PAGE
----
When utilized in conjunction with puncturing instrument 14, valve body 46 is rotated to align lumen 50 in valve body 46 with passage 42 in block 36, lumen 50 corresponding in size and cross-sectional shape with puncturing instrument 14 to provide sealing engagement therebetween. The distal end 16 of puncturing instrument 14 is inserted into the housing 26 through the opening in flange 38 to extend through passage 42, lumen 50 and sleeve 20 such that distal end 16 projects from the distal end 22 of the sleeve. For laparoscopy, in many cases, a pneumoperitoneum will have been created, for example with the use of a verres needle. When the puncturing instrument is forced through the anatomical wall, escape of gas from the peritoneum will be prevented due to the seal between the puncturing instrument and the valve assembly. When the puncturing instrument is hollow, such as the illustrated needle, the distal end 18 will be closed to prevent passage of fluid therethrough. If no pneumoperitoneum has been created prior to insertion of the puncturing instrument, insufflation can be accomplished via a valve, not shown, in the proximal end 18 of the needle. Once the anatomical cavity is insufflated and the endoscopic surgical instrument is in place with sleeve 20 passing through the anatomical wall, the puncturing instrument is removed whereupon the spring 68 automatically restores the valve body to the closed position to prevent gas from escaping. Valve body 46 can now be rotated to align the same or a different lumen with passage 42 to allow the same or a different sized surgical instrument to be inserted therethrough for introduction via the sleeve to the operative site.
The number of different size lumens or passages in the valve assembly and the sizes thereof are dependent upon the instruments to be used in the endoscopic procedure to be performed. For example, frequently used instruments commonly have diameters of 3 mm, 5 mm, 7 mm, 10 mm and 12 mm; and, thus, lumens corresponding to these diameters are preferred. By use of indicia 78 on the housing wall 32 in combination with ridge 76, which can act as a pointer or indicator, accurate alignment of a desired lumen can be achieved. By use of detents 80, 82, the accurate alignment of the lumen or passage through the valve assembly with the housing and sleeve can further be assured.
Another embodiment of a valve assembly providing variable passage sizes therethrough in accordance with the present invention is illustrated in FIGS. 5 and 6 and includes a member 84 having a flange 86 adapted to be sealingly mounted in housing 26, for example by providing external threads on the peripheral edge of the flange. A plurality of spaced, spreadable legs 88 extend distally from flange 86 to produce a normally conical configuration tapering to an apex as shown in FIG. 5. The legs 88 and flange 86 are preferably integrally made of unitary construction of a material facilitating movement of medical instruments therethrough and allowing legs 88 to flex, such as a plastic like nylon. The legs 88 are concentrically disposed around a central opening 90 in flange 86 and are slightly spaced from each other as shown by gaps 92 which terminate at curved relief recesses 94. A conical, stretchable sleeve or membrane 96, preferably made of a rubber-like material such as silicone, has a configuration to tightly fit over legs 88 such that the sleeve and legs are normally biased to a closed position at the apex to prevent passage of fluids through the valve assembly.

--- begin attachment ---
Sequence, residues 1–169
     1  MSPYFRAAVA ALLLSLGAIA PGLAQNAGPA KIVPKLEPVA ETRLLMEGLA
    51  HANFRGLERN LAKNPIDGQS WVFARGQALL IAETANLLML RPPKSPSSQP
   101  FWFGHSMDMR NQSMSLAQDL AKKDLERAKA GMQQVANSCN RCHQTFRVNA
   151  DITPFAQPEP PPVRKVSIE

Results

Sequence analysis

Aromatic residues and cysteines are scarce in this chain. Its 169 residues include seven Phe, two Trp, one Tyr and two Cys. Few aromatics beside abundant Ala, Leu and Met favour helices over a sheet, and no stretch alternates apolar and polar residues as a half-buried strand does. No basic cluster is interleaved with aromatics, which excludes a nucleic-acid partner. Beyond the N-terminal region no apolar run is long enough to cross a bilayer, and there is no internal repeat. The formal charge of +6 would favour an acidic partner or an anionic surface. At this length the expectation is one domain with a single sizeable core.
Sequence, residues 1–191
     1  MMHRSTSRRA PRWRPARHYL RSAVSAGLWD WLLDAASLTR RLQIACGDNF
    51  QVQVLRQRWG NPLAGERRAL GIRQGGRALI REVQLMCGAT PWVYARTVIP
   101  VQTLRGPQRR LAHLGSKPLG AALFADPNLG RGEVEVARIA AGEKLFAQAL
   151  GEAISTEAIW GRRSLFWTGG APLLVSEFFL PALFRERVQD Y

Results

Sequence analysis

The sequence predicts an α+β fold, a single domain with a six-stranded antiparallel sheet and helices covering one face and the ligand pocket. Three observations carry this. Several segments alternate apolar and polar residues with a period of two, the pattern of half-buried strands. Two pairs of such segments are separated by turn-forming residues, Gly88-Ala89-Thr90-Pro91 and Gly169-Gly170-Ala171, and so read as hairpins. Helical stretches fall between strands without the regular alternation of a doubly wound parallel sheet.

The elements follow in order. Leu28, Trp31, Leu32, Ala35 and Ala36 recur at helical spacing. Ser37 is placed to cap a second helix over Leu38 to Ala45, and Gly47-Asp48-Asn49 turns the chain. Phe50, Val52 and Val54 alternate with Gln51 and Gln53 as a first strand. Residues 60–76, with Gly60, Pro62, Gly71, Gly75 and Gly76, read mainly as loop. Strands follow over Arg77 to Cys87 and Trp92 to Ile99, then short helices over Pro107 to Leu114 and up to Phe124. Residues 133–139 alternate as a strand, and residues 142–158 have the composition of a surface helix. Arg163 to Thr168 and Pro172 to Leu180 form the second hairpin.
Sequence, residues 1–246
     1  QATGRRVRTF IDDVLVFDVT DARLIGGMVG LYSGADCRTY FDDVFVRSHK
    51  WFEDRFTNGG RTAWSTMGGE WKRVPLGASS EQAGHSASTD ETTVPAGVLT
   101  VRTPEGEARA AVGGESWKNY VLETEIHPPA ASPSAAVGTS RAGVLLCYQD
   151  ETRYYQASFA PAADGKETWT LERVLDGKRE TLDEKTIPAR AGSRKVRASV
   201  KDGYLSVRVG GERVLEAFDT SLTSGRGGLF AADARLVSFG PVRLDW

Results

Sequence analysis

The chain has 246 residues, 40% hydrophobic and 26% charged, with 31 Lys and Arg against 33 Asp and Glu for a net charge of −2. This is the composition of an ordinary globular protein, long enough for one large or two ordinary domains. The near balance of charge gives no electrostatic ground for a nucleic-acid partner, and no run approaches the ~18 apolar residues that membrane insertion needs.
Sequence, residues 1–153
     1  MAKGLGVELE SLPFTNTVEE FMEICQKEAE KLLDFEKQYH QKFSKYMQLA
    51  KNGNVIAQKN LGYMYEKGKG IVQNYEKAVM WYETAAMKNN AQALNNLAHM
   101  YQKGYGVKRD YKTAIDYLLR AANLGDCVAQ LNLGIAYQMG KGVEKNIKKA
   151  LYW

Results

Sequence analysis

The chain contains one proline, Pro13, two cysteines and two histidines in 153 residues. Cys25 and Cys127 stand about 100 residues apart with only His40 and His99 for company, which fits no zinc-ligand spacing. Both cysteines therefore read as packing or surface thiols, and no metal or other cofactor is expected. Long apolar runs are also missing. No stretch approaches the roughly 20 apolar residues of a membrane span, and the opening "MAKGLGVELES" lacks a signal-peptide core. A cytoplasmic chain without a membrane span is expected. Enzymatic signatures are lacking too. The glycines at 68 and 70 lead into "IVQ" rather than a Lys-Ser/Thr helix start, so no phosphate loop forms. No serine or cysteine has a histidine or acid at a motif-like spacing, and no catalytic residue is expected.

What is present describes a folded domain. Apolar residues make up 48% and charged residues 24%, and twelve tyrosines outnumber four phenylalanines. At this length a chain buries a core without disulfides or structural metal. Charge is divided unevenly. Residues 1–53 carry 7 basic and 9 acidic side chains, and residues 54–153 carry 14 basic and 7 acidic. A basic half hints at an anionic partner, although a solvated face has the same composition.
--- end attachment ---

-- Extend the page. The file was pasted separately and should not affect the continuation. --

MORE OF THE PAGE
In use, the valve assembly is normally biased to a closed position due to the elastic force of conical sleeve 96 around legs 88; and, when a surgical instrument 98 is inserted through housing 26 and sleeve 20, the surgical instrument 98 will pass through opening 90 and cause legs 88 to flex outwardly stretching conical sleeve 96 to the position shown in FIG. 6. The conical sleeve acts as a seal to prevent passage of fluids thereby and tightly engages the surgical instrument in the gaps 92 where the legs 88 are spread apart. The valve assembly provides a passage of variable size to accommodate surgical instruments of various sizes passing therethrough in that legs 88 and conical sleeve 96 contract to sealingly engage the surgical instrument regardless of the diameter thereof.
Inasmuch as the present invention is subject to many modifications, variations and changes in detail, it is intended that all subject matter discussed above or shown in the illustrative drawings be interpreted as illustrative only and not to be taken in a limiting sense.
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|U.S. Classification||604/167.03, 604/248, 604/167.05|
|International Classification||A61B17/34, A61M39/06|
|Cooperative Classification||A61M39/06, A61B17/3498, A61B2017/3464, A61M2039/0626, A61B17/3462, A61B17/3421|
|European Classification||A61B17/34H, A61M39/06, A61B17/34V, A61B17/34G4|
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Year of fee payment: 4
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Year of fee payment: 8
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|7 Mar 2007||REIN||Reinstatement after maintenance fee payment confirmed|
|1 May 2007||FP||Expired due to failure to pay maintenance fee|
Effective date: 20070307
|31 Aug 2007||SULP||Surcharge for late payment|
|31 Aug 2007||FPAY||Fee payment|
Year of fee payment: 12
|15 Oct 2007||PRDP||Patent reinstated due to the acceptance of a late maintenance fee|
Effective date: 20071016